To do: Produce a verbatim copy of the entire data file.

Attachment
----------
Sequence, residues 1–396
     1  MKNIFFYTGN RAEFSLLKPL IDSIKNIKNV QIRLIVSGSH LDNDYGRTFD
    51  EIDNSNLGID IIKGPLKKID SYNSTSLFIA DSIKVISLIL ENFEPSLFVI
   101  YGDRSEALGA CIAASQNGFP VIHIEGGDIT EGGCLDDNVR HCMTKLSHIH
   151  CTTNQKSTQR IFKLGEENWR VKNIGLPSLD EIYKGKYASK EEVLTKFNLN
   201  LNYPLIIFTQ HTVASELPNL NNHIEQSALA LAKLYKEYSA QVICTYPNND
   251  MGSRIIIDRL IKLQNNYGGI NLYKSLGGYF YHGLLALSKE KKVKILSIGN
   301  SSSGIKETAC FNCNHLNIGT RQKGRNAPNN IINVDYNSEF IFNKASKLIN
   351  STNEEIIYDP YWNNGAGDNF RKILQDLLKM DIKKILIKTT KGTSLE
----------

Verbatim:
Sequence, residues 1–396
     1  MKNIFFYTGN RAEFSLLKPL IDSIKNIKNV QIRLIVSGSH LDNDYGRTFD
    51  EIDNSNLGID IIKGPLKKID SYNSTSLFIA DSIKVISLIL ENFEPSLFVI
   101  YGDRSEALGA CIAASQNGFP VIHIEGGDIT EGGCLDDNVR HCMTKLSHIH
   151  CTTNQKSTQR IFKLGEENWR VKNIGLPSLD EIYKGKYASK EEVLTKFNLN
   201  LNYPLIIFTQ HTVASELPNL NNHIEQSALA LAKLYKEYSA QVICTYPNND
   251  MGSRIIIDRL IKLQNNYGGI NLYKSLGGYF YHGLLALSKE KKVKILSIGN
   301  SSSGIKETAC FNCNHLNIGT RQKGRNAPNN IINVDYNSEF IFNKASKLIN
   351  STNEEIIYDP YWNNGAGDNF RKILQDLLKM DIKKILIKTT KGTSLE